A Washington, D.C.-based federal court heard arguments from a former Federal Communications Commission commissioner and First Amendment advocacy groups that the Obama FCC’s new “net neutrality” rules might allow the government to censor conservative outlets like Fox News or the Drudge Report.
According to the Washington Examiner, the U.S. Court of Appeals for the D.C. Circuit began hearing oral arguments on the case Dec. 4. A variety of advocacy groups claim the new rules, which went into effect in June and treat broadband providers as “conduits, not speakers” and “as a platform for expression,” could do just the opposite.
“If rules such as these are not reviewed under the most rigorous scrutiny possible, government favoritism and censorship masquerading as ‘neutrality’ will soon cascade to other forms of mass communication,” the Center for Boundless Innovation said in a brief.
Former FCC Commissioner Harold Furchtgott-Roth wrote in another brief that the different ways the new plan treats broadband providers and content providers opens the door to government interference in what people see.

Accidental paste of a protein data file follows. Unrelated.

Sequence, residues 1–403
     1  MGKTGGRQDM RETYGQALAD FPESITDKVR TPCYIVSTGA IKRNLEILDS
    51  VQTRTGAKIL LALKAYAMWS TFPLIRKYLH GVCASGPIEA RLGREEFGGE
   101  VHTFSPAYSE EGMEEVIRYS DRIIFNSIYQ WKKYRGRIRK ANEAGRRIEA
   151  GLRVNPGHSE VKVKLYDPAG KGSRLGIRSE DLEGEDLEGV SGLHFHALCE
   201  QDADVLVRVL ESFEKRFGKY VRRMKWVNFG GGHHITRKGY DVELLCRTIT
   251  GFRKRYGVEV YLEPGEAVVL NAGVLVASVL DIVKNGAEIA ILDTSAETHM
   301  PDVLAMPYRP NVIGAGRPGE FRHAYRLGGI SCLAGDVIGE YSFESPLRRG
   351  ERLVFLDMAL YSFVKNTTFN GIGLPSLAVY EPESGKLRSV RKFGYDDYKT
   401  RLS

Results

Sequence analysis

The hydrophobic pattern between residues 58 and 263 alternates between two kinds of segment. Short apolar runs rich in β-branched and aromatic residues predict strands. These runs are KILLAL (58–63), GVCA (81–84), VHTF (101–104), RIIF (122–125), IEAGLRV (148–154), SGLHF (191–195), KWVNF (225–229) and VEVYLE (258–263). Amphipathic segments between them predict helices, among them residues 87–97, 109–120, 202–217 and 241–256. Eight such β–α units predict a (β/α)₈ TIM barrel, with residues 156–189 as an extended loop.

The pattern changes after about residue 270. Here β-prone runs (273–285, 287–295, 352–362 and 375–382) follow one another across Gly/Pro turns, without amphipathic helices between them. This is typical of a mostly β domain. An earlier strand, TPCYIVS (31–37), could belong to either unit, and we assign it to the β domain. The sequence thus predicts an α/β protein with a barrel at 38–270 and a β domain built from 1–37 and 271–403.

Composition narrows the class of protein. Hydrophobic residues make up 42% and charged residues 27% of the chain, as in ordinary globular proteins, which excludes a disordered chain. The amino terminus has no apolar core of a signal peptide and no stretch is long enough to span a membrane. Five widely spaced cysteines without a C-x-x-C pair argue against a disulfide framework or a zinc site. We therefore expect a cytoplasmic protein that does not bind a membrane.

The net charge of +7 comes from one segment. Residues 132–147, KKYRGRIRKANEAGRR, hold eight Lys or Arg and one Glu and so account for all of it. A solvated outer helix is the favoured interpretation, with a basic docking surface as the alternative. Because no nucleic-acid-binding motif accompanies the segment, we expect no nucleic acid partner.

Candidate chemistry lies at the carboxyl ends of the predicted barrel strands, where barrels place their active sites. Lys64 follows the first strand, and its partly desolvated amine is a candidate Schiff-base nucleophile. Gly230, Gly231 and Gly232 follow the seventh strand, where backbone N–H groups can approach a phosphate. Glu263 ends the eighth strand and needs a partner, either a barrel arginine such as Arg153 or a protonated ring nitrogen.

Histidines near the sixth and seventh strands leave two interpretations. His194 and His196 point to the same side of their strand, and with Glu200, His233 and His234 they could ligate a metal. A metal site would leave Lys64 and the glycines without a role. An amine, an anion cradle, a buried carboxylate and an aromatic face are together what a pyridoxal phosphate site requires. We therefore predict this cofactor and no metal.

“In addition to compelling speech, the order impermissibly singles out broadband providers without imposing similar requirements on the speech of other Internet entities who also act as gatekeepers,” Furchtgott-Roth’s brief read.
Fred Campbell, president of the Center for Boundless Innovation in Technology, told interviewers that since “the same theories the FCC relied on to impose its new regulations on Internet service providers are also applicable to companies like Apple and Netflix, the FCC could extend its regulatory reach much further in the future.
“This possibility raises the risk that Congress or the FCC could impose restrictions on Internet video and other services that have traditionally been imposed on over the air broadcasting and cable television, including the fairness doctrine that once put the government in charge of determining whether broadcasters were fairly representing both sides of an issue,” he said.
FCC Commissioner Ajit Pai, one of the two commissioners who voted against the net neutrality plan, agreed.
“Is it unthinkable that some government agency would say the marketplace of ideas is too fraught with dissonance? That everything from the Drudge Report to Fox News … is playing unfairly in the online political speech sandbox?” Pai said. “I don’t think so”